My husband Jerry is from Las Cruces, New Mexico. He grew up surrounded by Latino and Native American cultures. So it’s not surprising that we have several Dream Catchers, including one that his daughter, Dacia, made for us.
The dream catcher symbolizes protection. Native Americans believe that a dream catcher can safeguard a sleeping person from bad dreams.
Native American lore says the night air is filled with both good and bad dreams. When a dream catcher is hung either near or over a bed, it can catch dreams as they flow by. Good dreams know how to pass through the dream catcher, slipping through the outer holes and sliding down the soft feathers, while bad dreams get tangled up and trapped, perishing with the first light of a new day.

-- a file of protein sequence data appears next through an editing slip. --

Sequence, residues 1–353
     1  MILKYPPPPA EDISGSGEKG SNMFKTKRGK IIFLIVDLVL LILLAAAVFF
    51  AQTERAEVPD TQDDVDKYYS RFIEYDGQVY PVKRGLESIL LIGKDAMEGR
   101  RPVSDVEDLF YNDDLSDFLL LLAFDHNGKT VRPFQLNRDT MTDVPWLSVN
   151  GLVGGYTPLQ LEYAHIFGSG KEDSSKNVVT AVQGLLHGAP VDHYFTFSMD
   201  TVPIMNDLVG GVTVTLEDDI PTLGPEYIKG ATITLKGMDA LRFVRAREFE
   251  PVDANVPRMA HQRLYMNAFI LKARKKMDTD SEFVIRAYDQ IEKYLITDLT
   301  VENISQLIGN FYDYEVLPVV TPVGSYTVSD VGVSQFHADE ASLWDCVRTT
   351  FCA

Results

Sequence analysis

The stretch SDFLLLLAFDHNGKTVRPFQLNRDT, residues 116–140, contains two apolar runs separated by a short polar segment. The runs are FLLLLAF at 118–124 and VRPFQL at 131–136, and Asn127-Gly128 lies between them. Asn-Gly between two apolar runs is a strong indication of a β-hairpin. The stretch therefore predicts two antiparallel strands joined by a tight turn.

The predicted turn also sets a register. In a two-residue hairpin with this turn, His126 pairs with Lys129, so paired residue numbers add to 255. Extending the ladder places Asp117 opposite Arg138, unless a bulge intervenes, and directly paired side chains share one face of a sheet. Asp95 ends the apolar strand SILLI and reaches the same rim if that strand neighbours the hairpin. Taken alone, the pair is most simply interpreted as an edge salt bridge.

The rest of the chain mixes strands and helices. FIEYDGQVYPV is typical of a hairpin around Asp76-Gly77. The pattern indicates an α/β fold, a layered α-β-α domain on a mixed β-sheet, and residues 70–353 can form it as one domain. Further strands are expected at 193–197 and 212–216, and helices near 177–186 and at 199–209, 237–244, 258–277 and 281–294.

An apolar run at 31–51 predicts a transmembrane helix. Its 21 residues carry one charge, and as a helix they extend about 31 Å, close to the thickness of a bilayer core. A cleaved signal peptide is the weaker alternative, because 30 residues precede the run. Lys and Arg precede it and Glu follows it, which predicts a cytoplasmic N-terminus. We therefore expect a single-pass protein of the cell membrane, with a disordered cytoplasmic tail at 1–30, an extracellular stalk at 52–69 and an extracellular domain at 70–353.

A dream catcher makes an ideal gift for children, grandchildren or as a baby shower gift to protect little ones from bad dreams.
Learn to make a dream catcher, jumbo-sized or regular, in a workshop at CHAI Studio on Sunday, January 11.
Jumbo dream catcher workshop: 11 a.m., costs $75
Regular dream catcher workshop : 2 p.m., $25
To register: call, visit or email CHAI Studio: (808) 536-4543 or visit shop.chai-studio.com.
CHAI Studio is located at the far Diamond Head makai end of Ward Warehouse, across from Menchie’s.
– Paula Rath